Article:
Chronicling the Rise of a Food Hub Network: Michigan State University Releases Case Study
January 12, 2015 | AJ Hughes
A recently-released case study, published by the Michigan State University Center for Regional Food Systems, chronicles the creation, growth and lessons learned of the two-and-a-half year old Michigan Food Hub Network.
Titled “A Case Study in Building Effective Networks for Food System Change,” the publication tells the story of how and why various food hubs came together to build the Michigan Food Hub Network, according to Rich Pirog, senior associate director of the MSU Center for Regional Food Systems. It was also part of the requirement for the grant funding the network receives.
Pirog describes the food hub network as an “unusual public-private partnership.”
“[The report] is a way to share the model publicly for audiences throughout the United States,” he says. Michigan State University and the Michigan Department of Agriculture and Rural Development are key participants in the network.
One of the main reasons for the Michigan Food Hub Network was to form a co-op of sorts. Through working together, food hubs across the state have been able to pool their knowledge, expertise and resources. It has been advantageous for participating food hubs to cooperate and learn from one another, according to Pirog. A main task of the network, he says, is to educate people about the work of food hubs.
While many people may have never heard of food hubs, Pirog says there are many misperceptions about what they are and they work they do.
“There is a food hub story in the media every day,” he says. “But often, writers are not really describing food hubs.”
The correct definition of a food hub, says Pirog, is an organization, whether for-profit or nonprofit, that aggregates, distributes and markets locally-sourced food. Contrary to common perception, farmers’ markets are not food hubs, he says. Food hubs are a collaborative effort toward aggregating the accessibility to local food.
“The key is local,” he says. “Food hubs are part of the evolution of the local foods movement.”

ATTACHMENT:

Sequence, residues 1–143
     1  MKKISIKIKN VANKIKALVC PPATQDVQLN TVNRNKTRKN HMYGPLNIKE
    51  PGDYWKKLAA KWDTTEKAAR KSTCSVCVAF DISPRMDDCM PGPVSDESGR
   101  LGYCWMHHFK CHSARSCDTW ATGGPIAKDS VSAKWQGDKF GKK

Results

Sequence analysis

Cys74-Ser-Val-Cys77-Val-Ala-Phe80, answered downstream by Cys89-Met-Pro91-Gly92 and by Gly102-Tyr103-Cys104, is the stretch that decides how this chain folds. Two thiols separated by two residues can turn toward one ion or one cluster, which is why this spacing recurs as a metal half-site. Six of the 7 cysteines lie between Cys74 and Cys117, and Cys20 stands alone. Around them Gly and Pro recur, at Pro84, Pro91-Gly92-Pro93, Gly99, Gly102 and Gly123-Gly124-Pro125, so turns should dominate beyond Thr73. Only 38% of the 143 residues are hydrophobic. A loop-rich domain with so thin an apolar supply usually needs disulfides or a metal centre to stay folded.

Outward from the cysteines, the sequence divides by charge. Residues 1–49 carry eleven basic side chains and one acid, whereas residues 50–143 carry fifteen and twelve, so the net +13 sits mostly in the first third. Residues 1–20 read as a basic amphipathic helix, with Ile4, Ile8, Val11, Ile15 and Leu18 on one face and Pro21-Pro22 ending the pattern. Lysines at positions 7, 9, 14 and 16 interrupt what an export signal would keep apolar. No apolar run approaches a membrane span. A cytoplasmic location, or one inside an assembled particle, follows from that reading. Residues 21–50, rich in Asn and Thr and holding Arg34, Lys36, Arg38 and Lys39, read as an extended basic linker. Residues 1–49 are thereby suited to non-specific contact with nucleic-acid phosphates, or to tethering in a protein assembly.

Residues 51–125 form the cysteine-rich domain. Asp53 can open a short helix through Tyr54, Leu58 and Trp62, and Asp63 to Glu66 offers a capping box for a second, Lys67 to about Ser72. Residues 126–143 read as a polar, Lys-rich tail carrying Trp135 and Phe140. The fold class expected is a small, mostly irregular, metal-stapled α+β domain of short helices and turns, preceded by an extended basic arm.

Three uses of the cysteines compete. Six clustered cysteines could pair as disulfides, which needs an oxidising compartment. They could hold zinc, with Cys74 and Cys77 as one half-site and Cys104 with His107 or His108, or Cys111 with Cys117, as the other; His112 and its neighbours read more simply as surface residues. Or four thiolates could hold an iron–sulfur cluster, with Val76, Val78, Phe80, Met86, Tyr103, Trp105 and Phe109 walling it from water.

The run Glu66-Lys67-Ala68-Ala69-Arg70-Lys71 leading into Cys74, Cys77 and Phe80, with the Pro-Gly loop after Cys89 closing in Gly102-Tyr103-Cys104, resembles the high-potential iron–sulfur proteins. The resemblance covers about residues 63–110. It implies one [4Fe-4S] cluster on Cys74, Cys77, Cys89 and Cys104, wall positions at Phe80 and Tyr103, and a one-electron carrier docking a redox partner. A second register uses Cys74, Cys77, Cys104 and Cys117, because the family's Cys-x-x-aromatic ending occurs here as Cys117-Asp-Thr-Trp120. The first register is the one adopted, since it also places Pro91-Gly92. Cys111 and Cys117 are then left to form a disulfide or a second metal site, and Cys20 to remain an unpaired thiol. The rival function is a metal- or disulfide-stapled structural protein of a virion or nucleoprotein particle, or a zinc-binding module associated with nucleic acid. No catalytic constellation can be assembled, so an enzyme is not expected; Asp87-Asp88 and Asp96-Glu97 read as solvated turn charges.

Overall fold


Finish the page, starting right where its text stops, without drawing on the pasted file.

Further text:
Since the network’s inception, participating food hubs have learned both from their successes and shortcomings. Key lessons learned during the past 30 month include:
- Food hub networks need financial, social and intellectual resources.
- A food hub network is most beneficial when its food hubs have access to technical and financial assistance.
- Networks need to customize communication and technical assistance to the needs of each food hub.
- Food hub network leaders should use a servant leadership approach.
- Educators and consultants that serve food hub networks should possess technical, business and facilitation skills.
- Collaboration and collective problem-solving are vital for a healthy food hub community.
- Flexible strategies are needed to adapt to unanticipated needs and challenges.
- Progress should be viewed as an “eco-cycle,” as opposed to a lifecycle.
Pirog says food hubs that have been in business longer are more likely to be viable. Another key to success is having adequate cash flow in order to make improvements, obtain loans and pay off creditors.
The case study also tries to raise awareness of an obstacle that has historically stood in the way of free and just access to good (affordable, healthy, local) food: racism. The report notes that structural racism within the food system in the United States and in Michigan continues to persist, and urges food hub participants to be “intentional about the messy, complicated work of respectfully crossing project, business, and cultural boundaries to connect all the elements of good food in situations that increase good food access.”
Looking forward, Pirog is excited about the future of food hubs. “There’s a lot of buzz about food hubs right now,” he says. “Demand for local foods continues to increase, and conventional distributors are increasingly getting into local foods. There is a place for food hubs, but they’re not the answer to every situation.”